By BETÜL SAĞKOL
The number of women in jails in Turkey has never been this high, even at times of war, military coup, martial law or state of emergency. As a result of operations launched by President Erdoğan after the July 15 “controlled coup” –as described by the leader of the main opposition party CHP– to clear out all opposition groups, the number of women taken into jails in Turkey has reached 17,000 –women who are judges, prosecutors, teachers, doctors, journalists, housewives; women from all walks of life. Among them, there is such a group of women who are spending most sensitive, very special and very critical stage of their lives in prison: pregnant and puerperant women.
In addition to the conventions securing the fundamental rights and freedoms such as the European Convention on Human Rights, Article 12 of the Convention on the Elimination of All Forms of Discrimination Against Women (CEDAW), to which Turkey is also a party, emphasises the situation of pregnant women and imposes some obligations on the states parties “during their pregnancy and post-natal periods”. With this convention, pregnant women and women in their postnatal recovery are sought to be taken under an extra care and special protection. As we will explain below, the arrests and detentions imposed on pregnant and puerperant women in Turkey in the course of the past year are certainly not in compliance with the obligations Turkey is bound under the convention.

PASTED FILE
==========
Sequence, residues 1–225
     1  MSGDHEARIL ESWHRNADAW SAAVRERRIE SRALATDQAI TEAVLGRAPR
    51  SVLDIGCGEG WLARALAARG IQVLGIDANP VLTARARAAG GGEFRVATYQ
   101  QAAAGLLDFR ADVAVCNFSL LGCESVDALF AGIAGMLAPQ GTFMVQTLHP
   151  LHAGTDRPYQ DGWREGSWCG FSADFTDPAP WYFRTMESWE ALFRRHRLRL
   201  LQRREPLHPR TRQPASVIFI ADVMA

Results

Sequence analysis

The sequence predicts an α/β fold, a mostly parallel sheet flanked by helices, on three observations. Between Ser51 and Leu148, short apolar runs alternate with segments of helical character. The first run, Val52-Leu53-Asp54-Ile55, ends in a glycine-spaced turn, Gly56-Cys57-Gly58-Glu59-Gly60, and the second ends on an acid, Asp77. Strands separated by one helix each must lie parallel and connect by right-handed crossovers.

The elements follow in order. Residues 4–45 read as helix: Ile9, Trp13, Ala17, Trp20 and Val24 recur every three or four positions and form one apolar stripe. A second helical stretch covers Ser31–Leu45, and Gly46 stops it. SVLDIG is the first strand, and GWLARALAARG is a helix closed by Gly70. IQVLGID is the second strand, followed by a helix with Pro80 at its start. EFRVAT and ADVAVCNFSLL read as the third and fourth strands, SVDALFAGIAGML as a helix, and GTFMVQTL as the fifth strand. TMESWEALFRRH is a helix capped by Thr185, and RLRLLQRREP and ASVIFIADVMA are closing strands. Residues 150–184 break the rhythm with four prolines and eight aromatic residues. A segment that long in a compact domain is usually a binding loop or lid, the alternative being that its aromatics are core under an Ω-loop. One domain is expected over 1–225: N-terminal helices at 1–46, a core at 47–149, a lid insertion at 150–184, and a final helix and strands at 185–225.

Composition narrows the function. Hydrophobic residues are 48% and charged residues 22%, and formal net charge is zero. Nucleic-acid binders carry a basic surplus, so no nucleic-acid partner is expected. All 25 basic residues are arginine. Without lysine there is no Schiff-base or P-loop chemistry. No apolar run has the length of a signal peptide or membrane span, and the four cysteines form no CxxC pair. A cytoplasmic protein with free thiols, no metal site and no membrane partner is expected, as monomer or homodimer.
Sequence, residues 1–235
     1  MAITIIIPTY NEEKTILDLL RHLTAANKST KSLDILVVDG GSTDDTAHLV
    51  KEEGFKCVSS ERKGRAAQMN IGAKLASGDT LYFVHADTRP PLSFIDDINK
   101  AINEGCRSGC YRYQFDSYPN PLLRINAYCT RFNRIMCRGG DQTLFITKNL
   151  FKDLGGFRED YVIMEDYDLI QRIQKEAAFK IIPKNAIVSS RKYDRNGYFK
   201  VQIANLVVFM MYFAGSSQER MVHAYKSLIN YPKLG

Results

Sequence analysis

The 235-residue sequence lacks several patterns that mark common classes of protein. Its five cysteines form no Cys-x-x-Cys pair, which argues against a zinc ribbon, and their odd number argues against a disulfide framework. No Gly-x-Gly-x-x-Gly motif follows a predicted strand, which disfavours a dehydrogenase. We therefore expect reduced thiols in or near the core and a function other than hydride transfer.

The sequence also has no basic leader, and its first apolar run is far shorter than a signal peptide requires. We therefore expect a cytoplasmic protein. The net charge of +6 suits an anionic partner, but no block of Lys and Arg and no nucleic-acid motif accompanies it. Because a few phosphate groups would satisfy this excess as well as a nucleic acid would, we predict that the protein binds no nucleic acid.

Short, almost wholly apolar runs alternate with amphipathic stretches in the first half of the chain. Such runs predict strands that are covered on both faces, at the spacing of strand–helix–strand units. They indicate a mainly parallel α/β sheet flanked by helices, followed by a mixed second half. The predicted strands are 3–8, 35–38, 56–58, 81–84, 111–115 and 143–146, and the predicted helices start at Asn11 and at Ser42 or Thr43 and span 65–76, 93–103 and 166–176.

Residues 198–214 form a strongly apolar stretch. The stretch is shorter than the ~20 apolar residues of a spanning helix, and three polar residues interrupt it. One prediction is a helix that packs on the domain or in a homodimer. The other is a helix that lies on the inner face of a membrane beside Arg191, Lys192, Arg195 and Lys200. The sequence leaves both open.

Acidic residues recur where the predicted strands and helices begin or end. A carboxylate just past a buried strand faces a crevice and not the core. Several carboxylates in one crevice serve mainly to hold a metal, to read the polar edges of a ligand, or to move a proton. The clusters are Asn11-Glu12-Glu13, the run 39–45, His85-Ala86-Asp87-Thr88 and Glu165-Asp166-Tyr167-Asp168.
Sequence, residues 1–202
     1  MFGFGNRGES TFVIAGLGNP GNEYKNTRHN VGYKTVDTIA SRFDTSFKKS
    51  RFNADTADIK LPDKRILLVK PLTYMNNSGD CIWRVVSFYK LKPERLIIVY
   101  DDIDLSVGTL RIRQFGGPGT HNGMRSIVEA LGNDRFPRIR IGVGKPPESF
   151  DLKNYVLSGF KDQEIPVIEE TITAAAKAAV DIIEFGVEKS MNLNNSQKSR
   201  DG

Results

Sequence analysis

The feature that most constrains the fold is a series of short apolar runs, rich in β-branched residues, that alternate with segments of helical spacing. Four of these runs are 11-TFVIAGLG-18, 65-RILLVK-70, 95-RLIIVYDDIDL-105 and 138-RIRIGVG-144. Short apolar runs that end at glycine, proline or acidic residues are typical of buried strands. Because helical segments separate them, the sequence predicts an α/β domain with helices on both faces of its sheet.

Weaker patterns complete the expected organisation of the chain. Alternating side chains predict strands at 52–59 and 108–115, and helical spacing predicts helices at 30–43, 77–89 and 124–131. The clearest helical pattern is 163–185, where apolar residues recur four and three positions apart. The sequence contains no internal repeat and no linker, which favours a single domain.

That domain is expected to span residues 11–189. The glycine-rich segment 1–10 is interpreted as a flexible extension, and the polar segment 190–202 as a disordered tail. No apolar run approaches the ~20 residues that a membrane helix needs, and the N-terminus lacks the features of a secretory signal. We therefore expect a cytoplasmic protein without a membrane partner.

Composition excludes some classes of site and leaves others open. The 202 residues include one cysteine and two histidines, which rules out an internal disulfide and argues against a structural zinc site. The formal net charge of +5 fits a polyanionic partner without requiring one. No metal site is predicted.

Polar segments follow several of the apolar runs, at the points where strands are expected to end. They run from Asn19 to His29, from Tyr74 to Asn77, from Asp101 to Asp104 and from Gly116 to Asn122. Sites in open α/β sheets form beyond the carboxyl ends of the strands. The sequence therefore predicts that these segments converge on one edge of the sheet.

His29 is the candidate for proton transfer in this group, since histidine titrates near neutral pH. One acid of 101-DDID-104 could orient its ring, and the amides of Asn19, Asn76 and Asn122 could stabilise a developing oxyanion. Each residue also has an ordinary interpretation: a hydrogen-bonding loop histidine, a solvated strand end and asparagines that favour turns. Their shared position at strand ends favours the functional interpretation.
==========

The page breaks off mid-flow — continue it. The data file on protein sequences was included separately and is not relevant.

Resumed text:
Not only the international conventions but also domestic laws consider the special circumstances of pregnant or puerperant women and regulations are secured with a view to protect them. Article 100 of the Turkish Criminal Code of Procedures clearly orders that there shall be no arrest warrant rendered if arrest is not proportionate to the importance of the case, expected punishment or security measure. Article 16 of the Law on the Execution of Sentences and Security Measures states that “Execution of sentences for pregnant and puerperant women shall be delayed for six months”. Article 116 of the same law says that the execution of a sentence may be delayed for detained persons due to an illness. Even when we evaluate the situation of these women under only these three provisions let alone the universal principles of law, it is clearly understood that pregnant women may not be detained, unless they have committed an exceptionally series crime.
Prohibition of arresting pregnant or puerperant women is a fundamental right within the scope of the rights to life and health. This right may only be restricted by law and under certain very compelling circumstances. As clearly stated under Article 13 of the Constitution, even when duly restricting these rights, the essence of the fundamental right to life/health may not be infringed.